Note: nothing is stopping you from defining routes without any parameters in either the pattern or the dispatcher array, resulting in empty dispatcher information. This can be useful for hard-coding certain callbacks to certain routes, though should be avoided for more complex routing/dispatching scenarios.

Reverse Routing

The above example shows how to route from a URL to a specific class method in a specific file. You typically want to output links in your app somewhere that will lead to this file/class/method again. You could do so by hard-coding all your links:

<a href="/foo/view/42">See foo number 42</a>

This makes your URL structure rather inflexible though. You may eventually decide to shorten those URLs to /foos/42, because that looks better. It's pretty easy to change the routing to accommodate that:

$r->add('/foo/\d+:id', array('controller' => 'foos', 'action' => 'view'));

The above route will route the URL /foo/42 to the same 'controller' => 'foos', 'action' => 'view', 'id' => 42. Your page will still have the hard-coded URL /foo/view/42 all over the place though. To solve this and keep your URL structure flexible, use reverse routing, which takes canonical dispatcher information and turns it back into URLs:

$url = $r->reverseRoute(array('controller' => 'foos', 'action' => 'view', 'id' => 42));
printf('<a href="%s">See foo number 42</a>', $url);

The Router::reverseRoute method takes a canonical dispatcher information array and spits out a URL, based on the first of your defined routes that matches it:

$r = new Router;
$r->add('/foo',         array('controller' => 'foos', 'action' => 'index'));
$r->add('/foo/:action', array('controller' => 'foos'));

echo $r->reverseRoute(array('controller' => 'foos', 'action' => 'index'));
// /foo

echo $r->reverseRoute(array('controller' => 'foos', 'action' => 'bar'));
// /foo/bar

Reverse routing allows you to flexibly tie your controllers and actions (or whatever other paradigm and organizational structure you prefer) to URLs and vice-versa. The canonical dispatcher information is the middle man that uniquely represents the same thing for both sides (hence canonical). Your defined routes turn URLs into dispatcher information through routing and dispatcher information into URLs through reverse routing.

When reverse routing, regular expressions in the pattern are evaluated against the passed dispatcher information:

$r->add('/\d+:id',     array('controller' => 'foo', 'action' => 'bar'));
$r->add('/foo/\w+:id', array('controller' => 'foo', 'action' => 'bar'));

echo $r->reverseRoute(array('controller' => 'foo', 'action' => 'bar', 'id' => 42));
// /42

echo $r->reverseRoute(array('controller' => 'foo', 'action' => 'bar', 'id' => 'baz'));
// /foo/baz

In the above example, the first route does not reverse match array('controller' => 'foo', 'action' => 'bar', 'id' => 'baz'), since id is defined as \d+, which does not match 'baz'. The second route matches though.

Wild-card Arguments

If a routing pattern is defined with a trailing *, it allows wild-card arguments, as explained above. These arguments can be either named or unnamed. For example:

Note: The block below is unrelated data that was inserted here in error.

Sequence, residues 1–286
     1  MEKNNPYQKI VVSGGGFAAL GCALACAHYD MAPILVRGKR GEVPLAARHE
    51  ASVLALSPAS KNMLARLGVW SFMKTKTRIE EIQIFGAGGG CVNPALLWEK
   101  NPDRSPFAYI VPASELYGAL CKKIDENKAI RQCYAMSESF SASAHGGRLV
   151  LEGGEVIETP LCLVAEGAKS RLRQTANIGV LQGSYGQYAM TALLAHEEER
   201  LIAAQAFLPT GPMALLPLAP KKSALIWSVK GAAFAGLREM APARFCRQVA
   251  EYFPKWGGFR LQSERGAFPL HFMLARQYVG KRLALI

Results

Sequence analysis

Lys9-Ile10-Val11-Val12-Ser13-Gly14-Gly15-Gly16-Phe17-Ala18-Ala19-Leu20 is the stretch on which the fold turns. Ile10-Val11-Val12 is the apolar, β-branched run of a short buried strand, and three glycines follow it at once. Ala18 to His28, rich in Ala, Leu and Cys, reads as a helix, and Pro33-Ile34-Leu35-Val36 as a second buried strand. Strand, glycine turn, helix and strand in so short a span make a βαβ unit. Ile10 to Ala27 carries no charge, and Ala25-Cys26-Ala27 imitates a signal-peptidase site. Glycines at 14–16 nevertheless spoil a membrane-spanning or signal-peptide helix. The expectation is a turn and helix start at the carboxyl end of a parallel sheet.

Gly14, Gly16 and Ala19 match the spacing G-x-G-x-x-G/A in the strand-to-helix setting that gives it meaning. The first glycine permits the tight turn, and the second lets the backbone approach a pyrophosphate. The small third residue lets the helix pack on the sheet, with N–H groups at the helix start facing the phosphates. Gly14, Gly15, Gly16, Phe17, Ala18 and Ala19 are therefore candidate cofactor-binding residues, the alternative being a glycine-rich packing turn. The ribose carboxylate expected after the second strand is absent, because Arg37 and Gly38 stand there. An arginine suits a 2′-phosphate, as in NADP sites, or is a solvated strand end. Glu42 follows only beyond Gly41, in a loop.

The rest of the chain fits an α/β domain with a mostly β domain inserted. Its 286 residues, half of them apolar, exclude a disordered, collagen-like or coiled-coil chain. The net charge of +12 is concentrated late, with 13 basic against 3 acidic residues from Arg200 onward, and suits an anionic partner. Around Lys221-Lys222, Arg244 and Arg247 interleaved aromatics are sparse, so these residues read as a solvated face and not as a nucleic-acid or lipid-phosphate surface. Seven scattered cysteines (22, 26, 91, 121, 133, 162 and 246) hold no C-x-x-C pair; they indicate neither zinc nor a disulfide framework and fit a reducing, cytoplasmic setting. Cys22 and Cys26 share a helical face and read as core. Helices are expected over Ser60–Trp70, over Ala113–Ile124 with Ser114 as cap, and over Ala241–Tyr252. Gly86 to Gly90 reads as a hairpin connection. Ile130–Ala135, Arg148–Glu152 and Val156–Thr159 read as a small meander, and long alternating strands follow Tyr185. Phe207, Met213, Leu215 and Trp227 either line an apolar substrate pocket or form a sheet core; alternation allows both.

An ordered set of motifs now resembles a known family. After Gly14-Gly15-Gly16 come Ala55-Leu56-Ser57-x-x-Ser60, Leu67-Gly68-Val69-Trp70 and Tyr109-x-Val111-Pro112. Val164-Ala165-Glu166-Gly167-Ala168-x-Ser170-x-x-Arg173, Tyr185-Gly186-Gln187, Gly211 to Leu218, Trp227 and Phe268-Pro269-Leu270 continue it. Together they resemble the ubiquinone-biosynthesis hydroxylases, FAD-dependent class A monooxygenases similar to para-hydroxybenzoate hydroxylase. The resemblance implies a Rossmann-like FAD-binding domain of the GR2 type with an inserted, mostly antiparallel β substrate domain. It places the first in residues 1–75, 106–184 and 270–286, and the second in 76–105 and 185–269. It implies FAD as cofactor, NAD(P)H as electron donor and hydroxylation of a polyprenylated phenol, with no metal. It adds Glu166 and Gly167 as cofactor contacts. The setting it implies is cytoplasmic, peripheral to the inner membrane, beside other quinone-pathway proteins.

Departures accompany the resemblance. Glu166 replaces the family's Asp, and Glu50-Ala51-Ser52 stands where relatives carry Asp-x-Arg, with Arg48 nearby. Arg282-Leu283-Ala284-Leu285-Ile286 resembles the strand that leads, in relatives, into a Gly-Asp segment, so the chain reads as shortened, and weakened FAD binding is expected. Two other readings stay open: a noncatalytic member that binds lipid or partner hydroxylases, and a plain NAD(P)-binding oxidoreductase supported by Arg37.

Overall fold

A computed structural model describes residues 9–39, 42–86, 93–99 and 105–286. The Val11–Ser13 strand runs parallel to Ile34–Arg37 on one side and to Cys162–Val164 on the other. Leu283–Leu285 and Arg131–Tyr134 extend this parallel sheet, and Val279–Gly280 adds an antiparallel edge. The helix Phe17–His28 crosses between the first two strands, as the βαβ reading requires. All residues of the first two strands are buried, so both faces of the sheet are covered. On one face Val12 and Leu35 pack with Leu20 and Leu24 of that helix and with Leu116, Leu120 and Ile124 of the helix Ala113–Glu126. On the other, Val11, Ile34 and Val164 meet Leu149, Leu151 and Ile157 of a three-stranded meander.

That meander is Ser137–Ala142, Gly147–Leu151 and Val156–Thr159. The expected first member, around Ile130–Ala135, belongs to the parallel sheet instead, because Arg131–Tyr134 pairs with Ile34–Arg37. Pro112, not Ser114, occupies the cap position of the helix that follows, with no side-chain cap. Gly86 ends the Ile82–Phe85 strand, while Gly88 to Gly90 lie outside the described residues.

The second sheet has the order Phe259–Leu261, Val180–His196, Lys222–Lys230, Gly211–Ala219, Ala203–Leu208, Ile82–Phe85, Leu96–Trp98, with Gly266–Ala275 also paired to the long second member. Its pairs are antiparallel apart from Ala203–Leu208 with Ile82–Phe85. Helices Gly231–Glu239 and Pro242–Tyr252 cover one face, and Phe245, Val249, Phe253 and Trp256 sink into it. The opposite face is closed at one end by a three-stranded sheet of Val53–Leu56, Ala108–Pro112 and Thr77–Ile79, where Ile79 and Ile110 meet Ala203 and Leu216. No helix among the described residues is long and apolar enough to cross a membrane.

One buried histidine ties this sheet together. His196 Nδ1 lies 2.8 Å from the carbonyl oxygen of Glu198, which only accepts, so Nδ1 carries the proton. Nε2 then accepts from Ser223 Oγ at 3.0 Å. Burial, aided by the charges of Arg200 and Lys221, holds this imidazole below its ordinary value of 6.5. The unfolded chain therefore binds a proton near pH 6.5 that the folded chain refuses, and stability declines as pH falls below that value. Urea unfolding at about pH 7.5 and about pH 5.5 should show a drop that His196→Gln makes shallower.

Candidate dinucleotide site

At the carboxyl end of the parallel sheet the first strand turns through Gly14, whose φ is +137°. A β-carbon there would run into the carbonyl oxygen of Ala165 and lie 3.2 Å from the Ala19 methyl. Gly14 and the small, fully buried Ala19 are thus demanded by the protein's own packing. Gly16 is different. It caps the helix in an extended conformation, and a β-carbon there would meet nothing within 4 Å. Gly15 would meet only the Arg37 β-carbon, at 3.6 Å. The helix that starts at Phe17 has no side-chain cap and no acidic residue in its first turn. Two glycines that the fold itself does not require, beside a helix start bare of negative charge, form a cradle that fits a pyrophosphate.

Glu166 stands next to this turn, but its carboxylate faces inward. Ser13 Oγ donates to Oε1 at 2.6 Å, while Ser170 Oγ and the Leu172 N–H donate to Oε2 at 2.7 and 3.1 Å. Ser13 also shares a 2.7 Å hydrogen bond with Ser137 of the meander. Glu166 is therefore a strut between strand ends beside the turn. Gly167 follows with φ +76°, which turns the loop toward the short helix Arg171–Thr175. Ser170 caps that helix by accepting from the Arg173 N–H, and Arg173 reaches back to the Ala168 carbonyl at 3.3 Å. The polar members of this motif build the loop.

$r->addRoute('/foo/*', array('controller' => 'foos'));
$r->route('/foo/bar/baz:42')

The resulting dispatcher information will be simply 'controller' => 'foos', since no other parameters are specified in the route. The wild-card arguments the dispatcher receives will be 'bar', 'baz' => 42, or technically array(0 => 'bar', 'baz' => 42). In other words, values passed in name:value notation are broken apart and treated as associative key-value pairs.

You should avoid naming conflicts between named parameters and wild-card arguments. Accessing values through $route->name always prefers the dispatch information; if an identically named wild-card argument was also set, you have to access it through $route->wildcardArg('name').

When reverse routing, given dispatcher information that contains wild-card arguments, a route will only match if it allows wild-card arguments.

When reverse routing there is no distinction between dispatch information and wild-card arguments, they're all specified in one array. In other words, it is not possible to reverse route with conflicting dispatch/wild-card parameters. Avoid using the same names for two different purposes.

$r->add('/foo',       array('controller' => 'foos', 'action' => 'index'));
$r->add('/foo/bar/*', array('controller' => 'foos', 'action' => 'index'));

$r->reverseRoute(array('controller' => 'foos', 'action' => 'index'));
// /foo

$r->reverseRoute(array('controller' => 'foos', 'action' => 'index', 'baz' => '42'));
// /foo/bar/baz:42

Both routes above have the same dispatcher information for 'controller' => 'foos', 'action' => 'index', but only one of them allows wild-card arguments. When reverse routing array('controller' => 'foos', 'action' => 'index'), the first route matches and /foo is returned. When reverse routing with an additional argument 'baz' => 42, the first route does not match, but the second does.

Dispatching

Kunststube\Router does not dispatch, this is entirely up to you to add. Kunststube\Router enables you to specify a callback that will be executed for a matched route. Callbacks can be implemented in any syntax supported by PHP as callable type, including object methods and anonymous functions. A callback could go straight to a controller action, if you wanted it to. Or it could load a separate dispatcher class which implements some logic to load further classes based on the information received through the router. It can also be used to implement redirects.

Couple a static route directly to a class method:

$r->add('/foo', array(), function () {